The mechanics of the negotiation are the same for men and women, but the strategies often vary between the two sexes. Personality, style, and gender are all contributing factors that influence the outcome of the conversation. Here are four differences I have observed between male and female negotiation styles (and what you can do to level the playing field):
1.) Relationships vs. Outcomes
Women tend to value relationships over outcomes and are willing to compromise in an effort to keep the relationship intact. They can be people pleasers who generally do not like conflict and confrontation, and many women associate salary negotiation with conflict. In a study by Babcock, Gelfund, Small, and Stayn, “Propensity to Initiate Negotiations,” men and women participated in an internet survey to identify if they believed it was appropriate to negotiate in various work-related fictitious situations. As a group, women were less likely than men to choose negotiation as an option, even though they recognized that negotiation was appropriate.
Men tend to leverage relationships to achieve their goals. They ask for a particular salary with less compromise and are concerned with outcomes. They worry less about how their negotiations affect the relationship. Their straight-forward approach can work well, especially for short-term financial gain.
Recommendation: Both men and women can be successful negotiators by positioning their needs as part of a collaborative process. By listening to a potential employer’s needs and recommending outcomes that
benefit both parties, women and men can get what they want for themselves and preserve the relationship at the same time.
2.) Needs vs. Wants
Many women may make decisions about salary based on what they feel they need rather than what the market will bear. They use past salary as their benchmark and may rationalize that a similar or slightly higher salary is what they should ask for. Since employers tend to reward people no more than they require, women are at risk for receiving less competitive packages than their male counterparts.
Men are more likely to ask for what they want. Cultural norms may be at play here, since historically it has been acceptable for men to be assertive in the business world, while women who are tend to be viewed as aggressive or difficult to work with. In a study by Small, Babcock, and Gelfund, “Why Don’t Women Ask,” participants were asked to play a game and offered $3 as compensation. If participants asked for more, they would receive $10. Almost nine times as many males asked for more money, suggesting that men ask for what they want more frequently than women.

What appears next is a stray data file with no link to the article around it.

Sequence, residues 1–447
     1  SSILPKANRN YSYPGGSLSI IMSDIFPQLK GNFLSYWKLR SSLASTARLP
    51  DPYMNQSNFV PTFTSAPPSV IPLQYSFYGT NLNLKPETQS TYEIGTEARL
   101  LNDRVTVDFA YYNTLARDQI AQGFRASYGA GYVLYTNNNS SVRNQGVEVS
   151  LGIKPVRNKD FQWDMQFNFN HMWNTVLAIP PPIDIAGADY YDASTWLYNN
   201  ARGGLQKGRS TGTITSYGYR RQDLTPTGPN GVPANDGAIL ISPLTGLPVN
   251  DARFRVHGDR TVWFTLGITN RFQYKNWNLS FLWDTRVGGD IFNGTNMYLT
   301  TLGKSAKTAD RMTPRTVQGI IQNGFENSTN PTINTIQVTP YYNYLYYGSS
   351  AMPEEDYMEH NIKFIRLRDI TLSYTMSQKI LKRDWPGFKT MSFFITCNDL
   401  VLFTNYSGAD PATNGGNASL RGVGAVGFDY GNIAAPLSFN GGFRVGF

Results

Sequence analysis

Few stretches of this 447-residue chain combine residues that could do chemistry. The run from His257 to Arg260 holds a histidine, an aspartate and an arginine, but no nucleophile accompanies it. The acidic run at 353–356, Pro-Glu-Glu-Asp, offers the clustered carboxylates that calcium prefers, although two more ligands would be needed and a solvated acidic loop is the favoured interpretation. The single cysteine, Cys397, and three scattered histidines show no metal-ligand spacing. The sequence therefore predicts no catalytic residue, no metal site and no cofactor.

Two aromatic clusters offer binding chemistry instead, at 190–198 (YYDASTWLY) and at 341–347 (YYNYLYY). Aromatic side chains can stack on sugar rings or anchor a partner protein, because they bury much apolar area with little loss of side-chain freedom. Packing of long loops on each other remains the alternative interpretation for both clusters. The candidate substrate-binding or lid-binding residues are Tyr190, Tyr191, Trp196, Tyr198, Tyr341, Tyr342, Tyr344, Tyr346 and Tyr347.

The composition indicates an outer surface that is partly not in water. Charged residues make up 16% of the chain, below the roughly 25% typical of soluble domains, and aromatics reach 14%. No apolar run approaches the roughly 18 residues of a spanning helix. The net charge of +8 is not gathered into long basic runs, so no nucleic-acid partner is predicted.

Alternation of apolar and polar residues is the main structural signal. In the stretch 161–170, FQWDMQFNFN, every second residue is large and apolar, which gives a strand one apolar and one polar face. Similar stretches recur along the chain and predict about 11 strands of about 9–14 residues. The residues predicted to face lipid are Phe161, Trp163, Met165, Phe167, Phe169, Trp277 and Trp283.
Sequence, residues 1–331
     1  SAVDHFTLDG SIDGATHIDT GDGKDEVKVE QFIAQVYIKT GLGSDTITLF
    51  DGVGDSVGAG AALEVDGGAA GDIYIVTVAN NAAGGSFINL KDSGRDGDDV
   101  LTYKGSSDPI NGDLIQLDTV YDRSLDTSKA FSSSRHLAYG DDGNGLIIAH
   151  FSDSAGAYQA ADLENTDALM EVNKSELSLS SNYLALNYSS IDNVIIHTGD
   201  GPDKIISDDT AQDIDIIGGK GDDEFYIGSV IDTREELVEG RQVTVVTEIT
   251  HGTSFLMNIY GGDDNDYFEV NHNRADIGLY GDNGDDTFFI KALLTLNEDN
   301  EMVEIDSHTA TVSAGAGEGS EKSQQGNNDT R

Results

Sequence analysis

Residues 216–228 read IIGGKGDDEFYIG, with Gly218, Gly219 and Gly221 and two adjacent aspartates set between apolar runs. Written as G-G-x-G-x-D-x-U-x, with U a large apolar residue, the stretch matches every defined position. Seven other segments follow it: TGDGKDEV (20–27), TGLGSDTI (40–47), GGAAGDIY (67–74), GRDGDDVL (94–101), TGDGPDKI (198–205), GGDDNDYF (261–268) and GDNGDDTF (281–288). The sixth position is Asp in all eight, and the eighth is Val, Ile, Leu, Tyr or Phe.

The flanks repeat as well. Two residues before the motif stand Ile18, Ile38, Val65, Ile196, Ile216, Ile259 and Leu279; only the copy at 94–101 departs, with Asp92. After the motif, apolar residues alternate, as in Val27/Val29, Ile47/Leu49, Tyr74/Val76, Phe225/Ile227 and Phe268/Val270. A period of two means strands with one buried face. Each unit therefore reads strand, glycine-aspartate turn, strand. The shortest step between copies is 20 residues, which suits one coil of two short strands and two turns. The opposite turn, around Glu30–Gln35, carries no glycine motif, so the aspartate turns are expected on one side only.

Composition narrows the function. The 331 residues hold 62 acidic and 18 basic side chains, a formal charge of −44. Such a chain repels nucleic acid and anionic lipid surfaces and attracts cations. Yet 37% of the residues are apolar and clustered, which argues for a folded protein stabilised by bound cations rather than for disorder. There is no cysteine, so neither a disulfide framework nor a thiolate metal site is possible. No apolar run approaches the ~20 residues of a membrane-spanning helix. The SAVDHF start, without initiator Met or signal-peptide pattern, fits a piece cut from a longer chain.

Recommendation: Both men and women can improve their negotiation skills by knowing their market value. Sites such as www.salary.com, www.payscale.com, and www.glassdoor.com help job seekers define a potential range of salaries for a particular job. By doing your research and presenting the business case for your requested salary, you improve your bargaining power and diffuse potential cultural biases.
3.) External vs. Internal Centers of Influence
Women may be more likely to assume that hard work alone will be recognized and rewarded with a promotion and/or increased monetary compensation. They often wait for external factors and group consensus to determine their opportunities for advancement.
Men more frequently take matters into their own hands and believe they influence their opportunities and promotions. They are less inclined to stay in dead-end jobs and more likely to ask for a raise when they feel the situation warrants one. In the “Propensity to Initiate Negotiations” survey, researchers found that women were 45 percent less likely to see the importance of asking for what they want.
Recommendation: Men and women can increase their opportunities for promotion by taking a proactive approach to their career development that includes reporting accomplishments regularly, taking on high-profile assignments, and developing influential networking relationships within the organization.
4.) Low vs. High Goal Setting
Women may set more modest goals than men and they generally make concessions earlier in the negotiation process. As a result, women typically have lower salaries than men in similar positions.
A study by Riley, Babcock, and McGinn, “Gender as a Situational Phenomenon in Negotiation,” revealed that men typically set goals for negotiation conversations that are 15 percent higher than women. By going into the negotiation process with higher goals, men can often receive better initial offers and additional leverage in the negotiation process. In subsequent negotiations, employers often assume that applicants with better compensation records are more capable than those who have been paid less.
Recommendation: Men and women should adopt a negotiation style that meets their individual needs, but both should incorporate ambitious targets into their negotiation strategy. When you negotiate your compensation package you are not just negotiating your starting salary, but you are directly impacting every salary increase you receive from that point forward.
While most job-seekers are intensely interested in how to negotiate the best package, few realize the importance of creating their own style and developing a set of best practices for their negotiations.